Little did we know that God has much bigger ideas than we could ever imagine for this event.   Through our network of relationships, BB&T has committed to coming alongside us at n2n and South Park by not only providing volunteers but funding as well!  Hopefully out of this will come not just manpower and funding, but a long lasting relationship between a national branch bank and those who reside in South Park. 

I’ve heard it said one time, that “everything depends on the vision”.  If we take that to be true, then our vision for this event is not just a onetime block party with food, fun and games.  Instead we envision this becoming an annual summer event (if not more) that will only get better as people of resource are bridged to the people of South Park.  Maybe out of this event, we will be able to connect our neighbors with personal finance classes and budgeting workshops.  With the need for affordable housing rising in a neighborhood that is primarily (90+%) renter occupied, maybe we will be able to offer home ownership as an option by making available low/moderate income housing loans.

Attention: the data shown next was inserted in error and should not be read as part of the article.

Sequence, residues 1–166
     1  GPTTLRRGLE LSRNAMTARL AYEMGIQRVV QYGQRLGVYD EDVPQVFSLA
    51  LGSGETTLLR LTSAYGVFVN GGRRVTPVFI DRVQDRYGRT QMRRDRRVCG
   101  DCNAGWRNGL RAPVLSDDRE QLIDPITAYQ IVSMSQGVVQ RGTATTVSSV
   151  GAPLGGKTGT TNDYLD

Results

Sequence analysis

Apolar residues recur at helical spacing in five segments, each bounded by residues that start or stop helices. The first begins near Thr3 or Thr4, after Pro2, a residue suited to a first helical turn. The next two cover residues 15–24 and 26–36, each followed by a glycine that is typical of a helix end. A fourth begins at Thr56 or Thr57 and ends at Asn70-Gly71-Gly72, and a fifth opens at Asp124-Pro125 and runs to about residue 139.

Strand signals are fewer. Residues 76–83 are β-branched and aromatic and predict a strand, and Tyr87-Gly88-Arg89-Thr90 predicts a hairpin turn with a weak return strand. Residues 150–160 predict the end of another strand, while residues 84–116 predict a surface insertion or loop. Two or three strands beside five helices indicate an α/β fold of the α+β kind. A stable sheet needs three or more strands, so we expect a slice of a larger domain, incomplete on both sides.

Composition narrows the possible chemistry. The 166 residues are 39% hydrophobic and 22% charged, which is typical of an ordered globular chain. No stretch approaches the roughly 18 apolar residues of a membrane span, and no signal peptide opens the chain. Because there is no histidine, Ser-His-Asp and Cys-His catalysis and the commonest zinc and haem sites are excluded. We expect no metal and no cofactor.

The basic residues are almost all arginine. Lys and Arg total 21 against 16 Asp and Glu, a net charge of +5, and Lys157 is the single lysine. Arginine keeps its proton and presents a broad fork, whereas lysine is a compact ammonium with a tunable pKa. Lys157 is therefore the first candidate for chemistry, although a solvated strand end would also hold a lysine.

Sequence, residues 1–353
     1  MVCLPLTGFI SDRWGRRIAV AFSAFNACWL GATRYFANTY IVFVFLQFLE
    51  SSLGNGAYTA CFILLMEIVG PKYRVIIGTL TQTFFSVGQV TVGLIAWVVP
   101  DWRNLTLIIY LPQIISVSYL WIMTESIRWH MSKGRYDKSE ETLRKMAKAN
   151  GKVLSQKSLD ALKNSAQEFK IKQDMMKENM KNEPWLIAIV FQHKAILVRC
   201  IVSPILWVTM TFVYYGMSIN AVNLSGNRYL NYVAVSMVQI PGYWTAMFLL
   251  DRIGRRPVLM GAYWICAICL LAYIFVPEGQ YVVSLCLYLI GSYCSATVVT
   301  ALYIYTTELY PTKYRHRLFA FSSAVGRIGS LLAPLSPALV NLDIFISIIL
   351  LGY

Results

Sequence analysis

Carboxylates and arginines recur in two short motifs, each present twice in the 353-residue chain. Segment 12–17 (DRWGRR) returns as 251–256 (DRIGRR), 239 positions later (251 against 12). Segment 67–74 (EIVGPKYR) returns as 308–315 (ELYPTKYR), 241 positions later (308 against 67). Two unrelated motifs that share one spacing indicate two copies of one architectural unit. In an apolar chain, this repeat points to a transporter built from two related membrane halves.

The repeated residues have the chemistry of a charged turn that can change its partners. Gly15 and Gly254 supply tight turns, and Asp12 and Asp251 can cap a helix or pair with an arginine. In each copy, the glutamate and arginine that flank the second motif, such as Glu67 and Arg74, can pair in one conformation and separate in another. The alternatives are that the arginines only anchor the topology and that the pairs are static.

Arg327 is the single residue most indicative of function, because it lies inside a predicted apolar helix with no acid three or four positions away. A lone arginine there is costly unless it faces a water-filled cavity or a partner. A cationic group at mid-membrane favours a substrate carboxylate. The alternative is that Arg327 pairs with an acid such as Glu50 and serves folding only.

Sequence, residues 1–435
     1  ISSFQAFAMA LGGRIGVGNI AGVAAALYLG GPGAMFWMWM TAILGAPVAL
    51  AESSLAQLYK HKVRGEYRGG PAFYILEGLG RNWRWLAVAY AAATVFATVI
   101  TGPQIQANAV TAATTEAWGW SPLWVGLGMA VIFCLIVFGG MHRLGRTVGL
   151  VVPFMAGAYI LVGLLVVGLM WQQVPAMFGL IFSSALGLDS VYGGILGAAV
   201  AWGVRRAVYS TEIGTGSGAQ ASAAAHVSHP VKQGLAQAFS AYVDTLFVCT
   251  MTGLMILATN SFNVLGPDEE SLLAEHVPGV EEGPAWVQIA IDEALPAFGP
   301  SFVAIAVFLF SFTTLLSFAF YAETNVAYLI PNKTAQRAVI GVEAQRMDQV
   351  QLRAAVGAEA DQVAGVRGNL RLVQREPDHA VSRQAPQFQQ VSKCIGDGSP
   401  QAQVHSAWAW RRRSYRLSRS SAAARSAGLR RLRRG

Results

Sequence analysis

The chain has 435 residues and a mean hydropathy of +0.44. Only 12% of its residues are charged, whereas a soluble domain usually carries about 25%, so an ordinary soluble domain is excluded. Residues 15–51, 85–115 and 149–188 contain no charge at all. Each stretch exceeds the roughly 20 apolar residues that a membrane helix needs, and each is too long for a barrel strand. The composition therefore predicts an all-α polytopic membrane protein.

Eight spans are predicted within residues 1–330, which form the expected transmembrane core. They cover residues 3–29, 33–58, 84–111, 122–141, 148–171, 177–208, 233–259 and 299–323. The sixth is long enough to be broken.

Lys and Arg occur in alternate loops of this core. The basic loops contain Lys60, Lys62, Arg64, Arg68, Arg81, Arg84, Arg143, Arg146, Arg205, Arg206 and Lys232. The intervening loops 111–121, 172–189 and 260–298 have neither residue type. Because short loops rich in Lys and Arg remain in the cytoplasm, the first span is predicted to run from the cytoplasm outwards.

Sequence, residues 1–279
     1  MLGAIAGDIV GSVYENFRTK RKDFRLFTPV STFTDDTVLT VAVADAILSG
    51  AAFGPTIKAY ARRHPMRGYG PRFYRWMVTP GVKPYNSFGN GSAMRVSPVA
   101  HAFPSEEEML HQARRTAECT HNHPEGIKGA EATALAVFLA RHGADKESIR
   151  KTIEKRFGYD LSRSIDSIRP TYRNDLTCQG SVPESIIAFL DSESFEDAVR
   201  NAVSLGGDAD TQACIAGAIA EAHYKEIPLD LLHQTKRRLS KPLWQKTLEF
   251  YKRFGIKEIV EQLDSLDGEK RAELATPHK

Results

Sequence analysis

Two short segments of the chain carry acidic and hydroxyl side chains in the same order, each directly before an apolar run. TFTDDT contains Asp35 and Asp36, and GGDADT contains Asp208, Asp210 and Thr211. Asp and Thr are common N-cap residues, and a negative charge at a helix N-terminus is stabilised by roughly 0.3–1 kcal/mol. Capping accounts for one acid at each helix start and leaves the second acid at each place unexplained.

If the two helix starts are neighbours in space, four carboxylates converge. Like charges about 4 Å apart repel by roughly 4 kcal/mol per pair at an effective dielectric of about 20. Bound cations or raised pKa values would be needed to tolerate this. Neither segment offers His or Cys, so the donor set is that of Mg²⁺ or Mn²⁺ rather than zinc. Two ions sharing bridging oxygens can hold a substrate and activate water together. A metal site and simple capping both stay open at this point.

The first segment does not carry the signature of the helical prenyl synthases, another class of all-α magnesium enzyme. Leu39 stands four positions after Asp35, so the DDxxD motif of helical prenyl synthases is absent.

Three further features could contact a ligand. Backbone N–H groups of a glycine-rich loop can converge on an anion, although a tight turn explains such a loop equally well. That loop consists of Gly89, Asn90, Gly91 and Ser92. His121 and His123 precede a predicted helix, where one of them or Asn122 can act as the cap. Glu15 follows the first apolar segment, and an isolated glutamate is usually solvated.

The property across from n2n, 4 acres of an old city bus depot, is what I like to describe “the key to the neighborhood”.  I truly believe that whatever that becomes, the neighborhood will ultimately reflect.  Maybe out of this we will be able to link people who aren't business savvy with those that are, and with those who want to start a business with those that have already started them before?  In 10 years that property could be filled with businesses, shops, restaurants, etc. that provide goods and services to South Park.  The adjacent streets could be filled with families who now own instead of rent their homes. Instead of disinvestment in the neighborhood there will investment.  Instead of the dollar constantly leaving the neighborhood it will circulate hands multiple times and create an economic machine within South Park.